Avocado-related injuries are on the up, so here's how to cut one safely

Avocado meal
It looks so innocent and harmless, but [Photo: Pexels]

Avocados are harmless little fellas, right? Full of good, mono-unsaturated fats, right?

They may be good on the nutrition front, but there’s a danger lurking within our favourite brunch food.

And that’s when we’re cutting them, as foodies are being sent to A&E by the truckload for stabbing themselves in the hand in an attempt to do it. Probably due to their slippery nature, or perhaps because of our knives bouncing off the big, clumsy stone set in the middle.

Either way, the British Association of Plastic, Reconstructive and Aesthetic Surgeons thinks there safety warnings should be placed on them as “there is minimal understanding of how to handle them”.

Make sure it’s ripe, too [Photo: Pexels]

“Perhaps we could have a cartoon picture of an avocado with a knife, and a big red cross going through it,” Simon Eccles, the honorary secretary of Bapras, told The Times.

In which case – without ditching one of our favourite foods – how can we peel, slice and eat them without damaging ourselves?

According to a YouTube video by Jamie Oliver, we should be using a particular method.

“The biggest and most common reason for a cut across the palm of the hand is avocados, so you might as well know how to do it properly, safely and quickly” he says in the clip.

“Get your avocado, [and] you want to go straight smack back in the middle – get a sharp knife and carefully, slowly and smoothly cut through and find the stone in the middle. Then move it out and rock it around – never applying too much pressure.”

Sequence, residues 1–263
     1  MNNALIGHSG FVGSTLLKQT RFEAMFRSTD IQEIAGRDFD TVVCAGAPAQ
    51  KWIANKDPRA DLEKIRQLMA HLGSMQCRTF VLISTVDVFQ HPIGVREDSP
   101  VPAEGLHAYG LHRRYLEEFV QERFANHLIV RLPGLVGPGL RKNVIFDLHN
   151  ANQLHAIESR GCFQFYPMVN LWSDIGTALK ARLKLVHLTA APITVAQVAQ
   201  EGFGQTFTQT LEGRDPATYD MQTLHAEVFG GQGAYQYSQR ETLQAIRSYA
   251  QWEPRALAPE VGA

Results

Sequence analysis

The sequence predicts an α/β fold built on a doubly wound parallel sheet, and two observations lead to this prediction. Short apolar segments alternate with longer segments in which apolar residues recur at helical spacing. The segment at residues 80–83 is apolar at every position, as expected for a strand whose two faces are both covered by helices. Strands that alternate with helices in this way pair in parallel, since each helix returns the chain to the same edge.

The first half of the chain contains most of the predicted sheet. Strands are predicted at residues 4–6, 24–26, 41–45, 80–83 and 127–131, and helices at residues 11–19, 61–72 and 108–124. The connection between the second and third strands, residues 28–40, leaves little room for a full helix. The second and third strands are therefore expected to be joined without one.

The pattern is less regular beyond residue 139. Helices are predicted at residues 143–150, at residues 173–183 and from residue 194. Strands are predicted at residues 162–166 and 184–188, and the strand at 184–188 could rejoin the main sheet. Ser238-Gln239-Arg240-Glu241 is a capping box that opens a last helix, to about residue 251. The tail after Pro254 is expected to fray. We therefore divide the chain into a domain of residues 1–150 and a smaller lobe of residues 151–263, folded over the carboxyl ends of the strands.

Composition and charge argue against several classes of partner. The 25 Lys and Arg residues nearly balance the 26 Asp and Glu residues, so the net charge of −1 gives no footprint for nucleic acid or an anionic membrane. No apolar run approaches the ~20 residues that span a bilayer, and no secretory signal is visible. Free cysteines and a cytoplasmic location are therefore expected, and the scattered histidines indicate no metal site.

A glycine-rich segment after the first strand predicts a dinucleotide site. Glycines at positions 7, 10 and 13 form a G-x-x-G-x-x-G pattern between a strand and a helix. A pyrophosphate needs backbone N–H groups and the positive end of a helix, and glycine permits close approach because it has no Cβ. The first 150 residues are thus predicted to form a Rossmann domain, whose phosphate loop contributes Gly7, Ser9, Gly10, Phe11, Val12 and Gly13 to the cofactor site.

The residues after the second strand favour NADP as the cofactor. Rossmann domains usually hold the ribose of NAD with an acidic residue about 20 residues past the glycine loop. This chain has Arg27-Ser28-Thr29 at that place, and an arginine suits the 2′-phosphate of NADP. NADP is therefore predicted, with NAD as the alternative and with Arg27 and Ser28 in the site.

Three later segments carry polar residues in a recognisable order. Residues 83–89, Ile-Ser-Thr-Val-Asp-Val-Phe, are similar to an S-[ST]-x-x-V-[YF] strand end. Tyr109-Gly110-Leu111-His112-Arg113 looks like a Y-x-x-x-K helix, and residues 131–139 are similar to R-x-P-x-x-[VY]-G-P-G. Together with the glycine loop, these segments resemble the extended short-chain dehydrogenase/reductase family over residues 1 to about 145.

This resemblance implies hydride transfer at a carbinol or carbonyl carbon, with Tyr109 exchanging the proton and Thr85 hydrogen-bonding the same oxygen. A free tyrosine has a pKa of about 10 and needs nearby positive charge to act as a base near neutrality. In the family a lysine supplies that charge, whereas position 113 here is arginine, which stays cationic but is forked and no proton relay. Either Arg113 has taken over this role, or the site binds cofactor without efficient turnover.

Once he’s cut around the whole edge of the avocado up to the stone, he twists the two halves in opposite directions.

He then explains that the most crucial moment to avoid cutting ourselves is when we’re removing the stone, which he says we should do by resting the avocado on the table stone up, and hitting it gently with the knife edge so that it becomes lodged in the stone without going anywhere near your knifeless hand.

You can then pick it out with the knife and dispose of it safely.

He also explains that using a blunt knife is even more dangerous than a sharp one, as with blunt ones you really push at it before it goes off in the wrong direction after failing to cut.

And after you’ve got the stone out of the way, you can ditch the knife – and the danger – altogether, and remove the avocado’s flesh from the skin using a spoon.

Most importantly, don’t ever hold the avocado in your palm, and stab at it with the knife in your other – your breakfast will only end in tears.

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